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Postgraduate Funding from Charities

Charities come in all shapes and sizes, and can be a great source of funding for prospective postgraduates. Whether you’re looking to ‘top up’ your existing finances with a small charity grant or seeking more significant funding, there are plenty of opportunities out there – sometimes in the most unlikely of places!

This page will give you an idea of the breadth of postgraduate funding available from charities, pointing you in the direction of useful resources and suggesting some tips for making a successful application.

Charity funding resources

It’s not always particularly easy to find Masters funding from charities if you don’t know where to look. Many sources of support often come from small organisations with a minimal online presence – if at all.

Luckily, there are several places to begin your search. We’ve listed a few useful resources below:

  • Turn2us – Turn2us is a national charity that runs a database of charitable grants across the country. They make it easy for you to search this database and to find out what funding you might be eligible for.
  • The Alternative Guide to Postgraduate Funding – Co-written by two former PhD students with experience of self-funding, this guide offers a look at less well-trodden ways of funding your studies. Many universities subscribe to the Alternative Guide to Postgraduate Funding, which provides practical advice and application tips, as well as a searchable database of over 1,000 grants.

    You can find out more from one of the co-authors in his guide to alternative Masters funding, written for FindAMasters.

  • The Grants Register – Published annually, the Grants Register is a directory of information on over 1,200 awarding bodies in 56 countries. Unfortunately, it’s only available in the form of a book, and isn’t online. However, universities and local libraries will often have a copy of the publication.

Large charitable trusts

When you first think of charities, you might think of small-scale, cash-strapped organisations. And, while this may be the case for some of the associations you come across, it’s certainly not true for several major sources of charity funding for postgraduate students: trusts and foundations.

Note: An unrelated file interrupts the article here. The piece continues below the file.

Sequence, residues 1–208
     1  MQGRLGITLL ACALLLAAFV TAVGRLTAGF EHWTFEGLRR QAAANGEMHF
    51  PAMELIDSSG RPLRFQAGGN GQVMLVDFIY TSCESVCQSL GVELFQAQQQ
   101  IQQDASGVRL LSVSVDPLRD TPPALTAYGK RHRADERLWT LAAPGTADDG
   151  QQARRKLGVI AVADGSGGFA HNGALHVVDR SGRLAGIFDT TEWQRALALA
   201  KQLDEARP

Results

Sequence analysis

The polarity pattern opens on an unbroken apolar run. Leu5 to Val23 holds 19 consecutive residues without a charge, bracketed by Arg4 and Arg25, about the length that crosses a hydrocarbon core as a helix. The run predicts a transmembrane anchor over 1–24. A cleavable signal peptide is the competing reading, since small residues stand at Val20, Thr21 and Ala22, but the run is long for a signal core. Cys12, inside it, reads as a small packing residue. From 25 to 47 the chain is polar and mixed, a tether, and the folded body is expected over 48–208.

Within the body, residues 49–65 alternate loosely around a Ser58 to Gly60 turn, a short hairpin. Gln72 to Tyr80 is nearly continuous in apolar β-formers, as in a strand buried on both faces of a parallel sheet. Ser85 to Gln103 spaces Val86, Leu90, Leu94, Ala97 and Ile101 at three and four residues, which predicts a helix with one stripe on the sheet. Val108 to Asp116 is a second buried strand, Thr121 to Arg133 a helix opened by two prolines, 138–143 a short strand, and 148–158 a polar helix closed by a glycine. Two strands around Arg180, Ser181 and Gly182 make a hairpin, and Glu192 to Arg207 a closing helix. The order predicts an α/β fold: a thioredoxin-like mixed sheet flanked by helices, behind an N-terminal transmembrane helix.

• The Wellcome Trust – The Wellcome Trust is a global organisation with an endowment of over £20 billion. It focuses on biomedical research but also offers funding opportunities for humanities and social sciences projects that are related to health.
  • The Leverhulme Trust – Established in 1925, the Leverhulme Trust is another research-centric trust with a broad remit covering the Arts, Humanities, Sciences and Social Sciences. Most of its funding is aimed at relatively established researchers, but it’s always worth checking to see if there’s a scheme positioned for prospective Masters students.
  • The Nuffield Foundation – The Nuffield Foundation aims to fund research that will improve social policy in the areas of education, justice and welfare. The majority of its funding is set aside for research projects rather than Masters student grants, but it’s worth checking to see if you’re eligible for any support.

Small charities

It’s important not to overlook the thousands of small charities that operate across the UK. Even though their educational grants might not be as substantial as those provided by larger bodies, they can be a valuable source of funding for postgrads hoping to top up their finances.

If you try really hard, you might even be able to fund your entire degree using small grants from charities (just ask Luke from the Alternative Guide to Postgraduate Funding).

Although it would be impossible to list all of them (after all, that’s the job of the Grants Register and Turn2us), we thought it would be useful to show you how diverse these organisations are. Who knows, maybe you’ll discover that you’re eligible for a Masters grant from a charity you didn’t know existed!